Clinical clues to the presence of olfactory reference syndrome
Referential thinking. Interpreting actions of others—such as opening a window, moving away, putting a hand to their nose, or making comments related to odors—as evidence that the person smells offensive
Excessive attempts to ‘disguise’ the smell, such as washing routines, clothes changing, clothes laundering, or using abundant perfume, deodorant, mouthwash, mints, or other forms of camouflage
Other excessive and repetitive behaviors, such as checking for or asking other people for reassurance about the odor
Social anxiety or avoidance of social activities, relationships, work, school, or other daily activities
Requests for treatment for the perceived odor from dentists, gastroenterologists, proctologists, or other nonpsychiatric physicians despite a negative medical workup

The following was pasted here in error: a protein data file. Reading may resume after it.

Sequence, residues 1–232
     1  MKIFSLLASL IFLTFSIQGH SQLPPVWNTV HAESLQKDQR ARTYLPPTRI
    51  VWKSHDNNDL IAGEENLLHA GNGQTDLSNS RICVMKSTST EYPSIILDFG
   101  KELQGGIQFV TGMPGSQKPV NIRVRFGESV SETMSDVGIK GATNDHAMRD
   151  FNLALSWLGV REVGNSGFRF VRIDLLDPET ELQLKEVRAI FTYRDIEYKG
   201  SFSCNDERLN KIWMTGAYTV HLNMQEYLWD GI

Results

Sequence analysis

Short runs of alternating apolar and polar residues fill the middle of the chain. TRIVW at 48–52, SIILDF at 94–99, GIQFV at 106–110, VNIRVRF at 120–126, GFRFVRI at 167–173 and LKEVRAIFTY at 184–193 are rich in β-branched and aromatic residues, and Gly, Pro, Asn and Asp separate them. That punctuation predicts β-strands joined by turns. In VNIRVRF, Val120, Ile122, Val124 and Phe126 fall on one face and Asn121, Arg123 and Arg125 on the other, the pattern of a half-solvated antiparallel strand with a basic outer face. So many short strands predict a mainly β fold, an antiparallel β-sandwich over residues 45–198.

Working diagnostic criteria for olfactory reference syndrome
Persistent false belief that one emits a malodorous smell; this belief may encompass a range of insight and does not have to be delusional
The belief is time-consuming and preoccupies the individual for at least 1 hour per day
The belief causes clinically significant distress or results in significant impairment in social, occupational, or other important areas of functioning
The belief is not better accounted for by another mental disorder or a general medical condition
Diagnosing ORS: Suggested questions for patient interview
Ms. A consulted several proctologists and a dentist but was not convinced by their reassurance and continued to believe she “stank.” Her relationship with her boyfriend suffered because she continually asked for reassurance about how she smelled and avoided sexual intercourse because of her odor concerns.
Eventually she confronted her boss about her belief that her coworkers were complaining about her smell. Despite reassurance that she didn’t smell bad, she left her job.
‘Safety’ and avoidance behaviors seen in olfactory reference syndrome